[Your correspondent] has also had the cheek to finally claim that he has been releasing source code for nearly twenty years, although when I was looking round to find out how someone might have been able to learn to actually program the C64 if that was their only computer not long after it was released, I couldn’t find any really useful source code and none by TMR.
The author is obviously somewhat mathematically challenged dear reader; he was failing to learn programming on the C64 between 1984 and 1985 which was around thirty years ago, but your correspondent only started giving away source code about twenty years ago so. Even someone as blatantly dim-witted as the author should have spotted there was a decade of difference. And no, it’s not “cheek” to state facts, the author probably doesn’t understand this because he doesn’t deal with them particularly often.
In his debunk, although there are no graphics in his 20 column scroller, he confesses that some graphics he did for the C64 (I don’t know what graphics he means) “were created with Pro Motion on Windows”, so this is obviously CHEATING, because I’m only interested in what people could have achieved and how it was done with what was available to them up until the time I sold my C64 in about April 1985.
The graphics are the double sized character set – it resembles the ROM font because your correspondent was going for a specific look, but is actually 16 by 16 pixels per character. And we have to pause to note dear reader that the author is pathetically arrogant enough to believe that, when your correspondent starts writing his own posts to fill the voids being left by the author’s ineptitude, that they relate more than tangentially to him.
So because this is 2015 and the majority of developers currently writing for 8-bit systems use Windows- Linux- or MacOs-based tools for programming, graphics, music, compression or editing disk images regardless of their target computer, that’s what your correspondent employs as well.
On September 1, 2015 I was shocked to find a short Commodore 64 Assembly Language course by TMR (who makes no secret of the fact his real name is Jason Kelk), called “The Hex Files”, which starts on http://www.oldschool-gaming.com/view_article.php?art=c64_hex_files_1 and may have been written in 2004. I think everyone reading this should visit that site and save it to their hard drives before it gets deleted.
It isn’t going to get deleted because that would only happen in one of the author’s many sad little delusional fantasies. And congratulations for the author are apparently in order for finally doing something that isn’t actually research but could almost manage to pass for it – well done, Paul! It’s a shame he didn’t notice your correspondent’s given name in the email exchange we had over three years ago, really.
This 9 part course introduces readers to Assembly Language programming on the C64, as well as including techniques on how to print text on the screen, and even write a scroller, complete with sprites and music! He doesn’t explain what led him to this knowledge, though.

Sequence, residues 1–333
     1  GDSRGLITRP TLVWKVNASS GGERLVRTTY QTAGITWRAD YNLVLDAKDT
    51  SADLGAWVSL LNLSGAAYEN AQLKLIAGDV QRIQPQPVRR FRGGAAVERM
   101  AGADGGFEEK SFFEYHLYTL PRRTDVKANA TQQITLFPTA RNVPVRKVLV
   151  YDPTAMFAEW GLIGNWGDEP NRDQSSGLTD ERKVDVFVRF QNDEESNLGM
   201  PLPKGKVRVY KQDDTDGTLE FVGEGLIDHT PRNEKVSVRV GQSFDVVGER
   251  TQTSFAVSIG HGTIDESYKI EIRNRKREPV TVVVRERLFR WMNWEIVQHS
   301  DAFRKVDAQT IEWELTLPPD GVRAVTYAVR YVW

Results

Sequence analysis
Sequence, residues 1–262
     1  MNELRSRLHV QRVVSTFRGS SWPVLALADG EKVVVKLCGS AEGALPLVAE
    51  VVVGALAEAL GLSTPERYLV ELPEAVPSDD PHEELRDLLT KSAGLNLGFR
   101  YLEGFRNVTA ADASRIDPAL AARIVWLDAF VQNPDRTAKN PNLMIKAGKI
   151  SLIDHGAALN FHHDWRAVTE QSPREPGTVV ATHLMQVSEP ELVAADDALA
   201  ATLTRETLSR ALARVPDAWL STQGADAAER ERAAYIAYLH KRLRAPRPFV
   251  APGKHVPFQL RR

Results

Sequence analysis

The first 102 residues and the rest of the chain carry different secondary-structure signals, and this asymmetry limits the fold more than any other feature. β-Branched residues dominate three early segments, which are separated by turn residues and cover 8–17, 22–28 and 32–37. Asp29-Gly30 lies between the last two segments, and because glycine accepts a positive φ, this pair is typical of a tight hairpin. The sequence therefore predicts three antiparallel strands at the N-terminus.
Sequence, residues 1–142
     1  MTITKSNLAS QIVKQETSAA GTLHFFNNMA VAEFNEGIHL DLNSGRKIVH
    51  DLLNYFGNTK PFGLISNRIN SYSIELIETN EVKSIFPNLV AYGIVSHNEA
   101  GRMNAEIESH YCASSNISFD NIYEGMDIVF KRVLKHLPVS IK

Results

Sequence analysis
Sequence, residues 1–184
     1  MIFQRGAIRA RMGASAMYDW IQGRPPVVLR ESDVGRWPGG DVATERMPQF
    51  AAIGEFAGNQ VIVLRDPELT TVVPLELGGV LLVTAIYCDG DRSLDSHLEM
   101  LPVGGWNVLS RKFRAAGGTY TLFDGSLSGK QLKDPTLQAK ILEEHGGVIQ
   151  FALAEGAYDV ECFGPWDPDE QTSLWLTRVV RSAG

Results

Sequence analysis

Your correspondent’s knowledge comes from reading books, trying things out, putting the time and effort required in and not giving up. There was no mythical solution to learning assembly language involved that wasn’t afforded the author when your correspondent first sat down with an assembly language book in 1984 and the same is true for thousands of other people that the author rather desperately wants to believe don’t exist since they counter his blinkered, personally biased worldview.
Unfortunately, I’m not sure how anyone would move on from just printing or scrolling text, displaying sprites and playing some music. I wonder why the course stopped after 9 parts as well.
There is a small game documented in the ninth instalment that the author appears to have completely missed during his “research”… but the original Hex Files series was written for C64-specific fanzine; that publication ran from 1995 to 2001 and what your correspondent currently has online is, after a conversion to cross assembly, all he currently has of the original text.
We’ll just skip lightly over majority of the blatant, ranting garbage that littered the remainder of the post because it’s just child-like ranting rather than any “debunking” of what your correspondent wrote.
I remember my Dad asking me “How is it that some people have managed to write programs for the Commodore 64?”, meaning programs such as anything with graphics, etc which we were talking about. I replied “I don’t know”, then his conclusion was “They must be exceptional”. I now know that it was because they had been given information I hadn’t had.
Again the author tries to weave a bizarre little conspiracy theory where the information was somehow kept from him despite thousands or indeed tens of thousands of people not having the same issue either before, during or after he personally was unable to get anywhere.
As for me, I chose the Amstrad CPC 464 computer (rebadged as Schneider CPC464 in Germany), but then actually ended up buying the improved, short lived, compatible Amstrad CPC 664.
And yet we haven’t seen a single, complete Amstrad CPC program posted to the author’s blog in over three years… it’s almost as though he failed to do anything significant with that hardware as well despite all of those extra BASIC commands!
 That was, of course, sarcasm dear reader but we have to point that out because the author struggles to detect it.
 That might have actually been late 1983 but your correspondent can’t be sure.